The award of main prize in the Wiesbaden GoEast festival to Vasily Sigarev's second film Жить (Living) comes after Rotterdam's overlooking this rather new and uncomfortable voice in Russian cinema. If some like Sergei Loznitsa have moved from documentary to feature films, Sigarev's move has been from theatre. This is not unique in these times - both Kirill Serebrennikov and Ivan Vyrypaev - have moved from theatre to cinema (although not permanently). Time will tell whether Sigarev will make the move more permanently. Undoubtedly in theatre he established an international reputation: in the UK alone his play Plastiline was produced at the Royal Court and he also won an Evening Standard Thetrae award. An article way back in 2003 in the Guardian already established his reputation as a powerful voice in theatre http://www.guardian.co.uk/stage/2003/feb/03/theatre.artsfeatures .
His move into film was not greeted by everyone. In fact a storm of outrage surrounded the award of best film at the Sochi Film Festival for his film Волчок (Wolfy). He was accused of sensationalism and returning Russian cinema to the bad old days of chernuka. It seems as though this director from the Urals ignored this criticism and according to Novaya Gazeta's film critic Larisa Maliukova has only increased the doses of radical defiance of convention present in his first film http://www.novayagazeta.ru/arts/50703.html Wolfy itself offers a harsh blow to the viewer uncompromising in its bleak portrayal of the absolute indifference of a mother for her child. Whether as Lipovetsky and Beumers argue that this film reproduces patriarchal forms of thought through its sense of horror of female freedom (and freedom as such) or that the film should be read in some other way (as a discourse on the loss and acquisition of innocence as Zara Abdullaeva does) it remains one of the most striking films of the last few years.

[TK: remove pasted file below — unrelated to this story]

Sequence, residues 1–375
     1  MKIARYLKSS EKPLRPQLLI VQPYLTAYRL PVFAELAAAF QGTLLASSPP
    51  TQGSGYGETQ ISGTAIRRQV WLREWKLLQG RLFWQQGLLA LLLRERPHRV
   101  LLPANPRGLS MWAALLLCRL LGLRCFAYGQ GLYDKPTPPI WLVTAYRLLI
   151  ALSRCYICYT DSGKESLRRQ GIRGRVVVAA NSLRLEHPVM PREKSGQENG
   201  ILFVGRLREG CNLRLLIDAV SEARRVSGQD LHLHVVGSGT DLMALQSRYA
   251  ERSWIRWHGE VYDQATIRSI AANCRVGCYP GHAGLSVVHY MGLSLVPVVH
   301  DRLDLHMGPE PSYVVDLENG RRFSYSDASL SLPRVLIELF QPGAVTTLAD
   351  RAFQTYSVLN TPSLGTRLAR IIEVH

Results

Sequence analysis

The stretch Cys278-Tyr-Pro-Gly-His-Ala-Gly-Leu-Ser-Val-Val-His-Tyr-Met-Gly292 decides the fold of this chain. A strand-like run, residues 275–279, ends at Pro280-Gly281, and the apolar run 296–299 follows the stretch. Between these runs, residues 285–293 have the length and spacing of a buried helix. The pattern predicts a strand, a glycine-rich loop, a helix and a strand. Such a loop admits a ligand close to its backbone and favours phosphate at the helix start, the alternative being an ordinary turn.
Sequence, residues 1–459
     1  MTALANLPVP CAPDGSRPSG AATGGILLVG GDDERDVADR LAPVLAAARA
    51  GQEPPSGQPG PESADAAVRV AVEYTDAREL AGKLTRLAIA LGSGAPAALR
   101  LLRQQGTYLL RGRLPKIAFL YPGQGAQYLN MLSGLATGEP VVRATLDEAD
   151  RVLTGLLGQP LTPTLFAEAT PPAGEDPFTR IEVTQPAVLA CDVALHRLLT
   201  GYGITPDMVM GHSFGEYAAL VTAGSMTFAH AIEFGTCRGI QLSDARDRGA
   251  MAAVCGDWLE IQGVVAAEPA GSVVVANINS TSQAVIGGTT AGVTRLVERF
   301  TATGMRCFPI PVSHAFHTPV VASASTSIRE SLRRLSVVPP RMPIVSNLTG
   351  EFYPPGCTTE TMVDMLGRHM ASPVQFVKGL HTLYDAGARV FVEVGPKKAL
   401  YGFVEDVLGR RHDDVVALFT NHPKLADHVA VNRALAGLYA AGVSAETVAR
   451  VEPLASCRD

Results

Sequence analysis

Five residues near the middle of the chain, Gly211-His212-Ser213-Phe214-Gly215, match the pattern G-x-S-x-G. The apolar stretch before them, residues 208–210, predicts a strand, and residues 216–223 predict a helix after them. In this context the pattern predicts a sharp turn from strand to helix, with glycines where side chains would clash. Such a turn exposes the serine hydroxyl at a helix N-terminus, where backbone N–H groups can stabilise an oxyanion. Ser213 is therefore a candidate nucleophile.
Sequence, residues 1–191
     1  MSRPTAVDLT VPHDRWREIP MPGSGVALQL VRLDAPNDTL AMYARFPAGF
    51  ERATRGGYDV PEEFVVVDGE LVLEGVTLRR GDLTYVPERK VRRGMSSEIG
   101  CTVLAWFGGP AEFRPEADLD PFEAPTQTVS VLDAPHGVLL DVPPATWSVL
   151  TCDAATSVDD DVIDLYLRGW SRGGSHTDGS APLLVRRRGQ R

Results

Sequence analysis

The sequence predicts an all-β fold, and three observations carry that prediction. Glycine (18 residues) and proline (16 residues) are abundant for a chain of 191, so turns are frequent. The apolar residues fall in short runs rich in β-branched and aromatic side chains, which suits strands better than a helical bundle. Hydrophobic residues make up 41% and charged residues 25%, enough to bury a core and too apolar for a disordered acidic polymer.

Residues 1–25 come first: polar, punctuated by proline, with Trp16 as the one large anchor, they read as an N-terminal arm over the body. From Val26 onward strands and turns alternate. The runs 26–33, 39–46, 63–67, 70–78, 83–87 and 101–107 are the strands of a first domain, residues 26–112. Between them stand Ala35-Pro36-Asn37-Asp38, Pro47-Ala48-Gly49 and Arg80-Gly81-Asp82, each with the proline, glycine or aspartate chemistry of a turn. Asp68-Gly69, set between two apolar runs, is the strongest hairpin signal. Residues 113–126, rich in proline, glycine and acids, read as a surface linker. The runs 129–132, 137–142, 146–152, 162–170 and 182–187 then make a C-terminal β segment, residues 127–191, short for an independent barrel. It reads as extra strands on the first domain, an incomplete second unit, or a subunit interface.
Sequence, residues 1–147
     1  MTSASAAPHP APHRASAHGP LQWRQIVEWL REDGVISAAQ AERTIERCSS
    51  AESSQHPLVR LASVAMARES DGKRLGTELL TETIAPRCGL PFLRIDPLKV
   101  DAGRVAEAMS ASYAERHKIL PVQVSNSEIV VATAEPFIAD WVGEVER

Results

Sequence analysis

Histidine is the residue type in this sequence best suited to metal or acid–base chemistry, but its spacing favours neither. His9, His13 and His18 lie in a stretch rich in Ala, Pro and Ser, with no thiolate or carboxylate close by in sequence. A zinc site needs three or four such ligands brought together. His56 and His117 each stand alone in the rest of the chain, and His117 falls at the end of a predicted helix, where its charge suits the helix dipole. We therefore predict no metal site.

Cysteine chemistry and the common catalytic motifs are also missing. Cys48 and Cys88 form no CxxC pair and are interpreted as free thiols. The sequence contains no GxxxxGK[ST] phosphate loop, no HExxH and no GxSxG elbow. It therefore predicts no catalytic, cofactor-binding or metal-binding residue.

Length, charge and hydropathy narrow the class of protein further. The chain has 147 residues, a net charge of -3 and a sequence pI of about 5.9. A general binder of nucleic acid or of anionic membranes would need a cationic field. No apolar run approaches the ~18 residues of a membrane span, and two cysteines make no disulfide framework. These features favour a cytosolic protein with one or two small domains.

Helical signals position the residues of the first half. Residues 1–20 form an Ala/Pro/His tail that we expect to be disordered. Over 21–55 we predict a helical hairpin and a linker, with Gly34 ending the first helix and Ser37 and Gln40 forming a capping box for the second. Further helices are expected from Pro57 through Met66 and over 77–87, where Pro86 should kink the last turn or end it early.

Sigarev's new film has also divided critics fiercely. While the president of the Wiesbaden jury Cristi Puiu (the director of 'The Death of Mr Lazarescu') stated that the film was not just a film but a personal experience, another member of the jury was said to have declared that he or she was ready to give the award to any film of the festival other than to Sigarev's film. This divided opinion between fierce support and fierce antagonism but no indifference is indicative of reactions to Sigarev's work. Hopefully, though, Sigarev will be one of the voices that will become more known to a wider cinema going audience outside of Russia in coming years so that viewers can see for themselves. The accusations of being a pale imitation of Von Trier's work as well as a narrowly 'sociological' reading of the films may not die away as yet but it seems that Sigarev has proved other critics wrong in their misreading of his powerful works.